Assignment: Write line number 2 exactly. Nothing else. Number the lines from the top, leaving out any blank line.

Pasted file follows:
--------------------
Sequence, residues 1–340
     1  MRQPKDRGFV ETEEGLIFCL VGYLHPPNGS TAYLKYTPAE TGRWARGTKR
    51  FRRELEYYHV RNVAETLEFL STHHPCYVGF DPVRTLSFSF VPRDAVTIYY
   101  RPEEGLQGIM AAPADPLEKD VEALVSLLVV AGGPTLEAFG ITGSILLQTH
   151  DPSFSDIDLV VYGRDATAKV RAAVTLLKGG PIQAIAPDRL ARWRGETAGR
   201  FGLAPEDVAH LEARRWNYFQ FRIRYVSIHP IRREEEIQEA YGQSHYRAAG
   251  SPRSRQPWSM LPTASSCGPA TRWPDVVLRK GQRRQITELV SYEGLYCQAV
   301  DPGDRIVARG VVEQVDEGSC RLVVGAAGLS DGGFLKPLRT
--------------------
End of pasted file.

     1  MRQPKDRGFV ETEEGLIFCL VGYLHPPNGS TAYLKYTPAE TGRWARGTKR